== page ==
6 Influences on Uncertainty in Measurement Results

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When performing uncertainty analysis, it is important to consider what influences uncertainty, not errors, in measurement results. Here is a list of six common influences that will bring awareness and enlightenment to all who perform measurements.

 

01 | Equipment

The equipment selected to perform tests and calibrations is important. It can severely impact the uncertainty in measurement results. Hence, the reason many laboratories and professionals have been known to be very selective when purchasing equipment. Typically, equipment is the most commonly evaluated influence when performing uncertainty analysis. It is not unusual for laboratories to conduct experiments on their equipment to quantify sources of uncertainty (e.g. repeatability, reproducibility, stability, etc.). Therefore, it is important to consider what equipment will be used to perform measurements.

 

02 | Unit Under Test

When making measurements, it is important to consider the unit under test. Typically, the unit under test, or UUT, is often overlooked as having an influence on uncertainty. However, the unit under test can actually contribute a lot of uncertainty to the measurement result. When considering the unit under test in comparison to the equipment or standard used, it is common for the item to be less stable, have less resolution, and have an unquantified bias. All of these factors contribute to the uncertainty in the measurement result. Therefore, it is important to consider the resolution and the measurement repeatability of the unit under test.

 

03 | Operator

The operator who performs tests and calibrations has a major influence on the uncertainty associated with a measurement result. Their ability to facilitate the measurement process and perform quality work has a direct impact on the measurement result. Factors such as education, training, expertise, and technique can all influence uncertainty. Therefore, it is important conduct reproducibility experiments between operators to quantify the uncertainty (i.e. variability) in the measurement results as a result of the operator.

 

04 | Environment

The environment where tests and calibrations are performed can have an influence on uncertainty in measurement results. Variables such as temperature, humidity, pressure, gravity, elevation, vibration, stress, strain, lighting, etc. can impact the measurement result. Some tests and calibrations are more sensitive to certain environmental factors than others. Therefore, it is important to have expertise related to the specific measurement discipline or system which is being evaluated. An oversight on the influence of the environment not only impacts uncertainty, but may result in additional measurement error.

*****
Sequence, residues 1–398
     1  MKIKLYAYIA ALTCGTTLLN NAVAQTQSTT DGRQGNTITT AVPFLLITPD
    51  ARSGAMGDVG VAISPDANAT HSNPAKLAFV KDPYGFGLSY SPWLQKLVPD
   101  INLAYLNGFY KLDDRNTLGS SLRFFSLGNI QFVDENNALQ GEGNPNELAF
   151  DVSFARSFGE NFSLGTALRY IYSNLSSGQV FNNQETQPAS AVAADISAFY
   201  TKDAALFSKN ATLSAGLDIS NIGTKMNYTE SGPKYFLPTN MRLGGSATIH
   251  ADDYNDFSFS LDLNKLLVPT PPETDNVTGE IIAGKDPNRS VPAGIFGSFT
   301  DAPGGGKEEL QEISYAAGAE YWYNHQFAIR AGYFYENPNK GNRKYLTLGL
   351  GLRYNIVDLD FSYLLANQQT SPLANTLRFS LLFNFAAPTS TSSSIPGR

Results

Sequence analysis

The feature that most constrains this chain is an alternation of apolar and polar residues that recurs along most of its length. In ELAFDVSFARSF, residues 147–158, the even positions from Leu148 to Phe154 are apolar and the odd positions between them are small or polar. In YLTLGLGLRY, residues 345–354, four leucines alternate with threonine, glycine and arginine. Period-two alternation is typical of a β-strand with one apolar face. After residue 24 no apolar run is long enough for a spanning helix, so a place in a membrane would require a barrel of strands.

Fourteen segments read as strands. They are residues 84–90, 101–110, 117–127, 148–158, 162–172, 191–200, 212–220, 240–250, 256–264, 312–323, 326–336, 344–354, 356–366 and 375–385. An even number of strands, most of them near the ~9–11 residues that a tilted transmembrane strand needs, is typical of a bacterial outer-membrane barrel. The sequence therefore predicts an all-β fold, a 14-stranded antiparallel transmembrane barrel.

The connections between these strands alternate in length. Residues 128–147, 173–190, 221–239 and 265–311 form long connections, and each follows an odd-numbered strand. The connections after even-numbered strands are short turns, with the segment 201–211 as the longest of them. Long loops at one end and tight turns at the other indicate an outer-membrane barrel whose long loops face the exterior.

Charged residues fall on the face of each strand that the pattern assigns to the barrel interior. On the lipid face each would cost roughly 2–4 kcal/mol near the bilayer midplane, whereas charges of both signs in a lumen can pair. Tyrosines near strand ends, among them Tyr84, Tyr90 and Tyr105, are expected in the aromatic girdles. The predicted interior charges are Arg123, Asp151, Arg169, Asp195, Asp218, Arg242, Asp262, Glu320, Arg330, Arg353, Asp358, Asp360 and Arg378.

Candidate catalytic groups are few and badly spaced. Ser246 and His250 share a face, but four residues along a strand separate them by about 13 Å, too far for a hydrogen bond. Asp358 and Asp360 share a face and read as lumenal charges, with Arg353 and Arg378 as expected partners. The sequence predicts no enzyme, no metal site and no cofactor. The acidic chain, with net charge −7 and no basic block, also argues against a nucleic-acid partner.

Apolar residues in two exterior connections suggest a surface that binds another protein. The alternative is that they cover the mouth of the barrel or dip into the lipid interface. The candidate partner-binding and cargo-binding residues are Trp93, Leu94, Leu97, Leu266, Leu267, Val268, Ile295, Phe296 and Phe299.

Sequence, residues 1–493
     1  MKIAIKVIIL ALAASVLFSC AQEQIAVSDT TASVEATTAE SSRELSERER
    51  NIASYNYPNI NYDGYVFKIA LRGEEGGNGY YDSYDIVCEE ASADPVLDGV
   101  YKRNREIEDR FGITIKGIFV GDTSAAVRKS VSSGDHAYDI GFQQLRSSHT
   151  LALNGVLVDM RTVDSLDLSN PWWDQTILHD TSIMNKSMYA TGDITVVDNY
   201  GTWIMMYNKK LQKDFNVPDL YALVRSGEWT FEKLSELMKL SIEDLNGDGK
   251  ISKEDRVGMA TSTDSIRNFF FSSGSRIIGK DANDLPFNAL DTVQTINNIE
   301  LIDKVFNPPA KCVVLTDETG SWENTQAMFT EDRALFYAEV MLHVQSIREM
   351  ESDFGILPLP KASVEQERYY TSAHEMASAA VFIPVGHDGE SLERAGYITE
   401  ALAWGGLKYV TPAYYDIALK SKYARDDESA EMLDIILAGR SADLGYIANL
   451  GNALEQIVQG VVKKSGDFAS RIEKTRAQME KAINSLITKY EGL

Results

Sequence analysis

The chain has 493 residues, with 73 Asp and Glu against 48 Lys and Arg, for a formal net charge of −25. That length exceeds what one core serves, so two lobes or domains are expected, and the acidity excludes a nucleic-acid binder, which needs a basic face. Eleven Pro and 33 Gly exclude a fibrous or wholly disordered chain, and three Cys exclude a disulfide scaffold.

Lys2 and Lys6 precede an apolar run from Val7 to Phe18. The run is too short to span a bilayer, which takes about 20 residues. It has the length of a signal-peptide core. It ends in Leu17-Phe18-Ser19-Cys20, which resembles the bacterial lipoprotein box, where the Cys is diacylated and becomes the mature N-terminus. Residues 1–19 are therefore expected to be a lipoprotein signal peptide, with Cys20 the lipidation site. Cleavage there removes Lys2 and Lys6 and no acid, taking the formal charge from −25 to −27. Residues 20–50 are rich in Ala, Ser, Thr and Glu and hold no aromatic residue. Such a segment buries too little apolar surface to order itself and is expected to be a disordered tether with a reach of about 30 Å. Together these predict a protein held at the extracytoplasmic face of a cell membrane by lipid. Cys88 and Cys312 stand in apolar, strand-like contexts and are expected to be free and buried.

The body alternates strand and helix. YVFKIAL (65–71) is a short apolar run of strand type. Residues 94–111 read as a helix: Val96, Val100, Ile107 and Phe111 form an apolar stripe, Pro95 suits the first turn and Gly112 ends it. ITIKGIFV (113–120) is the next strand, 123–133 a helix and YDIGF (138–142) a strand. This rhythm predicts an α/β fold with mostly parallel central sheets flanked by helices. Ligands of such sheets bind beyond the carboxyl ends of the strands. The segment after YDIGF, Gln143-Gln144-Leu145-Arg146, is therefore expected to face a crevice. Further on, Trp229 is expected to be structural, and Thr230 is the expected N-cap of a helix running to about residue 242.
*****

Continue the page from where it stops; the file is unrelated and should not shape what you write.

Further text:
05 | Method

Test and calibration methods prescribe how a measurement process shall be performed by the operator. However, similar measurement results can be accomplished with the use of different methods (i.e. equifinality).  The variability in the measurement result that is attributed to the method is what influences uncertainty. When a laboratory utilizes several methods to perform similar measurements, it is important to consider how the method will affect the uncertainty of the measurement result.

 

06 | Calibration Service Provider

When having equipment serviced or calibrated, it is often wise to consider who will be providing service. Service providers have a direct impact and influence on the uncertainty in measurement results via traceability. When the service provider reports an associated estimate of uncertainty on the calibration report, the value is considered the traceable uncertainty or the reference standard uncertainty. It is impossible to legitimately claim an estimate of uncertainty for a measurement result that is less than the traceable uncertainty. Dismissing traceable uncertainty as a contributor would be unethical, unprofessional, and noncompliant with international regulations and standards. Therefore, it is important to evaluate calibration service providers before conducting business with them.

 

When performing uncertainty analysis, it is important to consider what factors influence uncertainty. By treating the measurement process as a system and evaluating that system on a holistic level, it is easier to identify the influences and interactions that affect uncertainty in measurement results.

 

 

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About the Author

Richard Hogan

Richard Hogan is the CEO of ISO Budgets, L.L.C., a U.S.-based consulting and data analysis firm. Services include measurement consulting, data analysis, uncertainty budgets, and control charts. Richard is a systems engineer who has laboratory management and quality control experience in the Metrology industry. He specializes in uncertainty analysis, industrial statistics, and process optimization. Richard holds a Masters degree in Engineering from Old Dominion University in Norfolk, VA.

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